What is a squirrel brush?!
Hair from a squirrel—yes—it is so soft.
You've been a resident of San Francisco for quite some time. How has the art community changed in recent years?
I’ve been in SF since 1998. I lived for a few years in Oakland and Berkeley while I went toMills College for grad school, but then we moved back to the city in 2004, and we’ve been here ever since. I feel like this is such a big question! San Francisco has changed somuch. As most people know, it is nearly impossible to stay in SF for just the normal, non-tech creative type. We are very fortunate to have a generous and kind landlord, and we’ve been on our block for 13 years, plus we have studios (my husband is a woodworker andhas a studio out in the Sunset). Sometimes it feels like we don’t know anyone like us—both being freelance artists parents and who are just making it work. But the positive side tothat, for now, is that we do get to stay in the city, continue to grow our businesses and art practices. That said, our future is in the city is blurry, and we have lots of conversationsabout where we will go, where we want to go and what we will do. There is such a deep craving to live somewhere where we can afford but who knows where that is now anddoes that place also allow us to continue to do our work?
But to answer the question about how the art community has changed—personally, I just don’t know. In 2008 when the economy crashed so many things changed for me, and I feellike I went in a different direction. I created Jenny Pennywood, I no longer was showing ingalleries, and my whole focus was just to keep doing creative work so I kind of shiftedaway from a fine art painting path as my main focus and started doing more commercial / graphic work. So the art community that I knew from undergraduate / graduate school wasn’t really part of my new thing. My whole goal is always just to keep working, andluckily I’ve been able to maintain Jen Garrido which has grown quite a bit in the last fiveyears, continue to develop Jenny Pennywood, and also try new businesses like doing clothing under the name See Sun with my friend Lena Corwin.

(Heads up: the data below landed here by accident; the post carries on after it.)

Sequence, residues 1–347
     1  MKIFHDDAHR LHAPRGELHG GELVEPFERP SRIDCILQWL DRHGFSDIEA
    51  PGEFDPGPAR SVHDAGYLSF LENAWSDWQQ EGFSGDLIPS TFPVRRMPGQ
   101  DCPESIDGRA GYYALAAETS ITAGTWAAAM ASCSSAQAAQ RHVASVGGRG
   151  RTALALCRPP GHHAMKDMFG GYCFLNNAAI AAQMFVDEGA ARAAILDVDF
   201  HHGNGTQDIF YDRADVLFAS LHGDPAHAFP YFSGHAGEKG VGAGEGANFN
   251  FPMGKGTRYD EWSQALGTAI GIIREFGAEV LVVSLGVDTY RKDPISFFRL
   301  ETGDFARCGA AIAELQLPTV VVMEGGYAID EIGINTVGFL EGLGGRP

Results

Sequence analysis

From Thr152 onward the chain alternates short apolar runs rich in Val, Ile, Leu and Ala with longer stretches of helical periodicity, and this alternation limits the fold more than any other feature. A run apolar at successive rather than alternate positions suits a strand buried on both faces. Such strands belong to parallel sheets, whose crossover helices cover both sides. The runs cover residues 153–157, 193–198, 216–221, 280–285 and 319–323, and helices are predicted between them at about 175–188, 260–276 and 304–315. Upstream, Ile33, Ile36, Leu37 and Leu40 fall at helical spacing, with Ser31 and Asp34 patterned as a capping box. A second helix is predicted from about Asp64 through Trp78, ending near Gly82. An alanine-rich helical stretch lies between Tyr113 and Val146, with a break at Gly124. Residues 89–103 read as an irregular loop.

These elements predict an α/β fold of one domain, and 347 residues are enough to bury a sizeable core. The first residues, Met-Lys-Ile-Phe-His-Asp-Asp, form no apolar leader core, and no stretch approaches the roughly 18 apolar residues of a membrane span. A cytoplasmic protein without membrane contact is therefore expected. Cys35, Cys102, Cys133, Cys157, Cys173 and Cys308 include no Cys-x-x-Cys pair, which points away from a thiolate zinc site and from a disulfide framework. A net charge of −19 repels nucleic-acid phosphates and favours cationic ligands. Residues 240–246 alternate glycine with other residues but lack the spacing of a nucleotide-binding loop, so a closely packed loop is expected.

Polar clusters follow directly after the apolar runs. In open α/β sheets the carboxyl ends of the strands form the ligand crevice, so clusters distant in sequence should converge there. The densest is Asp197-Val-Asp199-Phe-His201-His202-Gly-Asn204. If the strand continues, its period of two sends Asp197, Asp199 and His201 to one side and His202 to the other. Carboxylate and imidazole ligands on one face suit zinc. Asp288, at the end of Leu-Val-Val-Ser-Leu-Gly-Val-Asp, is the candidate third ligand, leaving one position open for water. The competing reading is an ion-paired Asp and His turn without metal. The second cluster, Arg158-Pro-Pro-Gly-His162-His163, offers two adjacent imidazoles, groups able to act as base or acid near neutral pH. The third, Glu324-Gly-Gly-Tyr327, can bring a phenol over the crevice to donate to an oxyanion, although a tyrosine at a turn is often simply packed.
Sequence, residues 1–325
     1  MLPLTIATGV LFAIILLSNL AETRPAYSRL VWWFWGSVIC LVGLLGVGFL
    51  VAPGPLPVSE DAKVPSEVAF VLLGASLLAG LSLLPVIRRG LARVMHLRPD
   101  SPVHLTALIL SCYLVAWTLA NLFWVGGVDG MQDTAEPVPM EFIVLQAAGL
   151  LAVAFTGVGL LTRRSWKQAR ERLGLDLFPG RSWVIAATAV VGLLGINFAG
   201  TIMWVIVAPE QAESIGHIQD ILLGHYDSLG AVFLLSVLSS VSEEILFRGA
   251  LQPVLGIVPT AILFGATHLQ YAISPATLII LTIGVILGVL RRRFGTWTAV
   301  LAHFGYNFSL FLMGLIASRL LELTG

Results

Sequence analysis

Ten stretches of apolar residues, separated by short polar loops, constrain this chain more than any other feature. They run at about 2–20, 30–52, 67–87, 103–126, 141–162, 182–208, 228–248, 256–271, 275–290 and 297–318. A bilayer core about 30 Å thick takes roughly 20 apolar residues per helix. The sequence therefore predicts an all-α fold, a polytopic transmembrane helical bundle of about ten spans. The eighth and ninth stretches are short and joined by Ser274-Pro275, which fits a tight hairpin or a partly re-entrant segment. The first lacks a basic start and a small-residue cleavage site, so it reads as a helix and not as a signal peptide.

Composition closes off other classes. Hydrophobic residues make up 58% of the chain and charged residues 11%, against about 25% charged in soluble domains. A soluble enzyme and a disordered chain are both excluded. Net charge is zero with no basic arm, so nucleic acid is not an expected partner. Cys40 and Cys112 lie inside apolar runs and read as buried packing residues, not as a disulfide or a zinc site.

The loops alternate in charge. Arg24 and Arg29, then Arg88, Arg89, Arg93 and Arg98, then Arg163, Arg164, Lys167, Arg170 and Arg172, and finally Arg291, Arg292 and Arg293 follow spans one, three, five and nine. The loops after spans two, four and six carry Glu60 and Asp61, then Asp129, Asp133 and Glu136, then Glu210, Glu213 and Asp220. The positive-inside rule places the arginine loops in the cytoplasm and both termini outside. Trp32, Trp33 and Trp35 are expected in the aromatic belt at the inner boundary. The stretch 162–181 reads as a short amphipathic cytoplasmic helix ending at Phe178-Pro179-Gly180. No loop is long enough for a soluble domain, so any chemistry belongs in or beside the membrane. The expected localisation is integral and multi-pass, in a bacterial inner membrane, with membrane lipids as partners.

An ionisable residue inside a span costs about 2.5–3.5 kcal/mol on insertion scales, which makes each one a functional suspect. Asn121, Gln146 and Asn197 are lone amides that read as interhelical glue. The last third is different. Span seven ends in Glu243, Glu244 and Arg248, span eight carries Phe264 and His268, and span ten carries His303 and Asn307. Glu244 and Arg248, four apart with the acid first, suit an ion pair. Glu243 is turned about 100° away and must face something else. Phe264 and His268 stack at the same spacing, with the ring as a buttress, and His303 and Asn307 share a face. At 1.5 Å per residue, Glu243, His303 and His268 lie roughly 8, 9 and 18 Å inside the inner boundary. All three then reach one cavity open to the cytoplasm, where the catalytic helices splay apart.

Being a parent shifts things too and there is a desire to be around like-minded familiesand those people are dwindling here in the city. People are leaving the city because it istoo expensive to stay, or there isn’t space or the schools aren’t good or they want to be closer to their families … there are lots of reasons why artist people are leaving and in myworld, those seem to be the reasons.
Where can we see your work? When is your next show? What are (shameless plug)you currently working on?
I like to post lots of studio shots of my work in progress on Instagram—Instagram hasallowed me to invite people into my studio and I really love that. As far as galleries andshows, my work can be seen at Wally Workman in Austin, TX. I am having a show ofpaintings at Spartan Shop in Portland opening in late September. People can also see allof my current and past work on my website as well as my online store. I have been working on releasing limited edition Jen Garrido art prints through my online shop whichis a project I’ve wanted to do for a while and I, finally got around to it. Plus, for Jenny Pennywood I have lots of stores that carry my textiles and I am considering exploring doing some women and kids clothing with Jenny Pennywood. We will see.
As far as what I am working on right now is that I am very, very pregnant and I am really trying to slow down … I haven’t had much success with it, but I am trying!